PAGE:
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House prices would flounder in six months after no-deal Brexit - Reuters poll

House prices would flounder in six months after no-deal Brexit - Reuters poll
FILE PHOTO: A man walks past houses painted in various colours in a residential street in London, Britain, May 15, 2019. REUTERS/Toby Melville -
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TOBY MELVILLE(Reuters)
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By Ross Finley

LONDON (Reuters) – Britain’s drifting property market would probably take a hit from a disorderly Brexit, with average prices slipping about 3% nationally in the ensuing six months and as much as 10% in London, a Reuters poll of housing experts found.

Roughly 85% of respondents said both UK and London house prices would fall in the six months subsequent to leaving the European Union without an agreement.

But if Britain departs the EU with a transition deal – the scheduled leave date is Oct. 31 – house prices are due a mild 1.5% lift over the following two quarters. They would rise 1.4% in the capital.

Results from the Aug. 13-20 survey show an otherwise tepid outlook for national price rises in coming years, at rates not far off an already-mild consumer price inflation rate and despite the recent sharp fall in sterling.

Indeed, the results suggest that foreign demand for property will be weaker than in previous years where declines in the pound have spurred buying, particularly in London, as it makes housing cheaper for those holding stronger currencies.

The survey also indicates in the near-term at least that housing, the bedrock of British household wealth, is not likely to give a lift to the economy, which contracted for the first time in 6-1/2 years in the second quarter.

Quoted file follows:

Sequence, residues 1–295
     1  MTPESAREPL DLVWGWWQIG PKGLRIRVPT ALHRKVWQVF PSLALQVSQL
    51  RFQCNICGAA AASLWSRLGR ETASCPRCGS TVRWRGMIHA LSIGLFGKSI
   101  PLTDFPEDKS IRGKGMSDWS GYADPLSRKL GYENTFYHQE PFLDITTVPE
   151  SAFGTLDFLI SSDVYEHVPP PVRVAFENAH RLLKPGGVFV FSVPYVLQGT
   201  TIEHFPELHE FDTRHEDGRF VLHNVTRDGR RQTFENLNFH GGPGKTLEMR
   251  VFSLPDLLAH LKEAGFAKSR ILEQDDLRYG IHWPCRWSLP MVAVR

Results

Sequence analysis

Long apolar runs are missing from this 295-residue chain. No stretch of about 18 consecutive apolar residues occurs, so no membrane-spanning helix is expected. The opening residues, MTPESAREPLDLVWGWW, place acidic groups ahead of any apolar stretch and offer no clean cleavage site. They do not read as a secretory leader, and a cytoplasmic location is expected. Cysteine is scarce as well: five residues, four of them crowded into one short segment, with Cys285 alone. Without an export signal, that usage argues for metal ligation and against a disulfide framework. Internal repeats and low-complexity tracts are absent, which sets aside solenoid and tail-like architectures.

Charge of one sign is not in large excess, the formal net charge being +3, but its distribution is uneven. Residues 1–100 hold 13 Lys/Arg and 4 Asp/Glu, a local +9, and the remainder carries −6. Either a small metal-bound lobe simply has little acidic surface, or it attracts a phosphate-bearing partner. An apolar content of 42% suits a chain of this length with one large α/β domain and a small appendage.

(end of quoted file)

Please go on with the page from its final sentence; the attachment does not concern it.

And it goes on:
Indeed, an overwhelming majority of respondents who answered an additional question in the first Reuters UK housing market survey since Boris Johnson took over as prime minister said risks to the housing market were skewed to the downside.

“Despite the new PM and team in government there are big icebergs ahead, not least the apparent willingness to leave the EU without a deal,” said property market consultant Henry Pryor. “This is likely to spook the markets before it reassures them.”

At the same time, there are fundamentals cushioning the market from falls. Hansen Lu, analyst at consultancy Capital Economics, notes the ongoing shortage of homes, which nearly always underpins British house prices.

Mortgage rates are also very low and not set to rise any time soon despite hawkish rhetoric in past months from Bank of England policymakers, and recent wage gains have lifted household spending power somewhat.

“Both factors are helping to prevent the current slump in house price growth from developing into an outright fall in prices. Yet on the other hand, Brexit uncertainty, as well as the high level of house prices relative to incomes, continues to weigh on buyer demand,” said Lu.

Others, like Tony Williams of Building Value, are more sanguine about the overall housing market’s prospects following Britain’s impending departure from the EU, no matter how rough.

“With no-deal, there will be a knee jerk action in which demand will fall followed by prices over the first six months of the UK’s new status,” notes Williams. “That said, life after a no-deal Brexit will revert to type.”

Average UK house prices are forecast to rise 1.0% this year, 1.8% next and 2.7% in 2021, little changed from 1.2%, 2.0% and 2.5% in a survey taken in May.

London house prices, already down 5% from their recent peak, are due to fall 2.0%. They are not due to rise at all next year, followed by a 2.0% lift in 2021, a slightly weaker view than what was predicted a few months ago.

Capital Economics’ Lu notes that with these recent falls and some recent wage gains outstripping inflation, London’s average house-price-to-earnings ratio has slipped to 12 times from a recent peak of 13.4.

“That adjustment, while welcome, is still small relative to past house price gains. With Brexit uncertainty set to bite further and mortgage interest rates at their floor, we think London’s fall in house prices has further to run.”

(Polling by Manjul Paul and Richa Rebello with additional analysis by Sumanto Mondal; Editing by Mark Heinrich)

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